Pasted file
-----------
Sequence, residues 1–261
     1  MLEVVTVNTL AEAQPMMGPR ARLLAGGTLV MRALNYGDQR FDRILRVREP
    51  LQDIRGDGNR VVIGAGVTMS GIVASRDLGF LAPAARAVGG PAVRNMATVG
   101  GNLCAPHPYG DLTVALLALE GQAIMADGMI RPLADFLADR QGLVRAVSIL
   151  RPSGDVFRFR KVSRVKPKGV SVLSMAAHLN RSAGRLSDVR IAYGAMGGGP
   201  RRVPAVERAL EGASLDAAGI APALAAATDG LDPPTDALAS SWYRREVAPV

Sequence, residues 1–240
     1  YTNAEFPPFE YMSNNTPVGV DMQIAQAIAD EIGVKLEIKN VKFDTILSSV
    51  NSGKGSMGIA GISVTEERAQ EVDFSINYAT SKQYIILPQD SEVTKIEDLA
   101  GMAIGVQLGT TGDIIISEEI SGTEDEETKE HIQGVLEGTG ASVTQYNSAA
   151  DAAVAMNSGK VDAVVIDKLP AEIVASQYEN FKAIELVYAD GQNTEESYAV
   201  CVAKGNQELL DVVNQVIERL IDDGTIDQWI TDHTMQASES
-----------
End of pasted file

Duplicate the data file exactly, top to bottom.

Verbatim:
Sequence, residues 1–261
     1  MLEVVTVNTL AEAQPMMGPR ARLLAGGTLV MRALNYGDQR FDRILRVREP
    51  LQDIRGDGNR VVIGAGVTMS GIVASRDLGF LAPAARAVGG PAVRNMATVG
   101  GNLCAPHPYG DLTVALLALE GQAIMADGMI RPLADFLADR QGLVRAVSIL
   151  RPSGDVFRFR KVSRVKPKGV SVLSMAAHLN RSAGRLSDVR IAYGAMGGGP
   201  RRVPAVERAL EGASLDAAGI APALAAATDG LDPPTDALAS SWYRREVAPV

Sequence, residues 1–240
     1  YTNAEFPPFE YMSNNTPVGV DMQIAQAIAD EIGVKLEIKN VKFDTILSSV
    51  NSGKGSMGIA GISVTEERAQ EVDFSINYAT SKQYIILPQD SEVTKIEDLA
   101  GMAIGVQLGT TGDIIISEEI SGTEDEETKE HIQGVLEGTG ASVTQYNSAA
   151  DAAVAMNSGK VDAVVIDKLP AEIVASQYEN FKAIELVYAD GQNTEESYAV
   201  CVAKGNQELL DVVNQVIERL IDDGTIDQWI TDHTMQASES